TOMSON Makhalima, Gwanda South ward 19 councillor, says life will never be the same again for Mashaba villagers after a solar mini-grid was rolled out to power over 2 800 households, three irrigation schemes, five business centres as well as a school and a clinic.
BY EVERSON MUSHAVA
For him, the country’s first ever solar-mini grid at the heart of his ward has not only brought food security, but civilisation to the remote and marginalised community.
He feels privileged to be the first councillor in the country to have a solar mini-grid in his ward, whose concept he prays should not start and end with Gwanda, but be rolled out across the country to mitigate the acute shortages of power Zimbabwe is facing.
“People’s lives have changed because of the electricity from the solar mini-grid,” Makhalima, who is a former officer in the presidential guard, told NewsDay at the handing over ceremony of the project to the community on Thursday last week.
“This is the way to go. Before the electricity, we used diesel pumps in our irrigation schemes, but the machines were too old and expensive to maintain. With the fuel crisis in the country, that could have left us without electricity to power our irrigation project?”
Zimbabwe is currently facing crippling power cuts with industry and households going for 18 hours a day without electricity.
According to power utility, Zimbabwe Electricity Supply Authority (Zesa), low water levels at the Kariba Hydro Power Station, generation constraints at Hwange Thermal Power Station and limited imports of electricity from South Africa and Mozambique have created a mismatch in the supply and demand of power.
The country, Zesa claims, now produces less than 820 megawatts (MW) from its three power stations against a daily peak demand of 1 600MW during winter and 1 400MW in summer.
The daily imports of at least 50MW from Eskom of South Africa and 100MW from Hidroelectrica de Cahora Bassa of Mozambique to close the demand gap have been suspended due to debts, leaving the country with no option but to roll out outages that are hurting the already chocked economy.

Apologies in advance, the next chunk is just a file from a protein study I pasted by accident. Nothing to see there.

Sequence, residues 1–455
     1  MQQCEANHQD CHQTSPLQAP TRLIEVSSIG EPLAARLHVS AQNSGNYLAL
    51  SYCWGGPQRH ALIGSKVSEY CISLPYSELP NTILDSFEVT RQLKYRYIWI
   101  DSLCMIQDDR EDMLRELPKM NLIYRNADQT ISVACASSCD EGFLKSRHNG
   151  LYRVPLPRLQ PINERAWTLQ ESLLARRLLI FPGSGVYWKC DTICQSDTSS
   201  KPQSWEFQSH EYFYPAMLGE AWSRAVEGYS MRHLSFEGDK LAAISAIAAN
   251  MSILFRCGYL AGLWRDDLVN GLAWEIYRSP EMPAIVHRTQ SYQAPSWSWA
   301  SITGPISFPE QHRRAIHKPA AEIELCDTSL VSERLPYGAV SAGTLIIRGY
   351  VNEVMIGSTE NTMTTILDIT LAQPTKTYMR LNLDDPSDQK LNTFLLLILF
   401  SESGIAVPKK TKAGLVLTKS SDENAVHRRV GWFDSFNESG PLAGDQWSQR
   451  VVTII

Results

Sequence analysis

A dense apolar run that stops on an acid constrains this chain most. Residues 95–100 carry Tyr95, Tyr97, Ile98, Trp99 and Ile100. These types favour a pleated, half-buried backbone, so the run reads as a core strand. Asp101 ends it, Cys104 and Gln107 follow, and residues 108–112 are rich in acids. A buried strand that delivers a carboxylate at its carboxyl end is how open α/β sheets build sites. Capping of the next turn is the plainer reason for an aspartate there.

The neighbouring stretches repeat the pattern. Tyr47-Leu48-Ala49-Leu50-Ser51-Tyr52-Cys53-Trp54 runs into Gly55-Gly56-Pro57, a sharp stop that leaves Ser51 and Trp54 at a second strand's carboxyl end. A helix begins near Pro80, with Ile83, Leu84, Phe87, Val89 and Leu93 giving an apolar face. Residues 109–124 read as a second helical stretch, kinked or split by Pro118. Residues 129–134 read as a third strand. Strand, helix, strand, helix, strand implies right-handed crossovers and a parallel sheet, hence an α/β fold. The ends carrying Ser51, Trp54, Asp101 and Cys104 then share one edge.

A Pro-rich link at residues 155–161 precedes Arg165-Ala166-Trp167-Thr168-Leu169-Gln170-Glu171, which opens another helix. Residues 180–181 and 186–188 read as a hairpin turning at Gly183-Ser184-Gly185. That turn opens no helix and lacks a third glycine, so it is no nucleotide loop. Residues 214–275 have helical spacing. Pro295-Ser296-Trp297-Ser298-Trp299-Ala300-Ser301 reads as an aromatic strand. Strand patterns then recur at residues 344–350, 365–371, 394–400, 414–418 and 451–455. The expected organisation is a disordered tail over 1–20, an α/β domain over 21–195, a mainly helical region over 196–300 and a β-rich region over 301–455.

But after the commissioning of the first solar mini-grid, Makhalima said the country should invest in clean sources of power such as the solar energy which will be guaranteed as long there was sunshine, which Zimbabwe plentifully has.
“We hear of power cuts in Harare, Bulawayo and so on, but for us, we always have the power as long as we have the sun,” Makhalima said.
The project, implemented by Practical Action with the help of SNV, CARD and Dabane Trust, developmental non-governmental organisations and funded by the European Union (EU-ACP), the OPEC Fund for International Development, the Global Environmental Facility, the United Nations Development Programme has an output of 100KW that is powering a 25km radius.
Practical Action knowledge management and communications co-ordinator, Innocent Katsande said the decentralised mini-grid made up of 400 panels, has two energy centres and two stand-alone power units capable of selling power to three irrigation schemes, five business centres, a clinic, a school and a study centre.
It also has an energy centre that supports economic activities such as cold-rooms, agro-processing, welding and other similar activities that require substantial energy as well as powering a study centre that houses facilities that provide information communication technology, e-learning, internet, television, after-hours study and community information.
Speaking during the handover ceremony, Matabeleland South Provincial Affairs minister Abedinico Ncube applauded Practical Action for developing the project, saying with a constant supply of electricity, the village can be food-secure.
The three irrigation schemes now powered by the project, Mankonkoni, Rustlers and Sabase – with an aggregate hectarage of over 150, have, for many years been selling their surplus to the Gran Marketing Board.
“With more investment in solar energy, we can turn this place into a green belt. We have plenty of sunshine,” Ncube said. The solar project has been running since 2017 and Practical Action is, meanwhile, working on modalities to make if more viable before it is handed over to the community.
Mashaba Primary School headmaster Mbonisi Moyo Masera said with the new electricity-powered ICT centre his pass rate has galloped from 15% to 38% due to the interactive boards and tablets that have fascinated the pupils, reducing the rate of absenteeism.
Representing Energy deputy minister Magna Mudyiwa, Sosten Zivuku said through the Rural Electrification Agency, government has established a rural electrification masterplan anchored on solar.
With many solar mini-grids, Zimbabwe, described as one of the countries with the best weather, could increase its power generation and reduce load-shedding as well as conserve the foreign currency used in importing power. Most countries are investing in clean energy such as solar power, and in Germany, by 2016, solar accounted for between 6,2 to 6,9% of the country’s net electricity generation.
Germany prioritised continuous increase of renewable energy sources to its overall electricity consumption.
Practical Action regional director Kudzai Marovanidze, representing the implementing partners, said: “This site will be a showcase for how renewable energy can facilitate development in remote rural communities by enabling increased agricultural productivity, improved education and health delivery and local off-grid business enterprises.”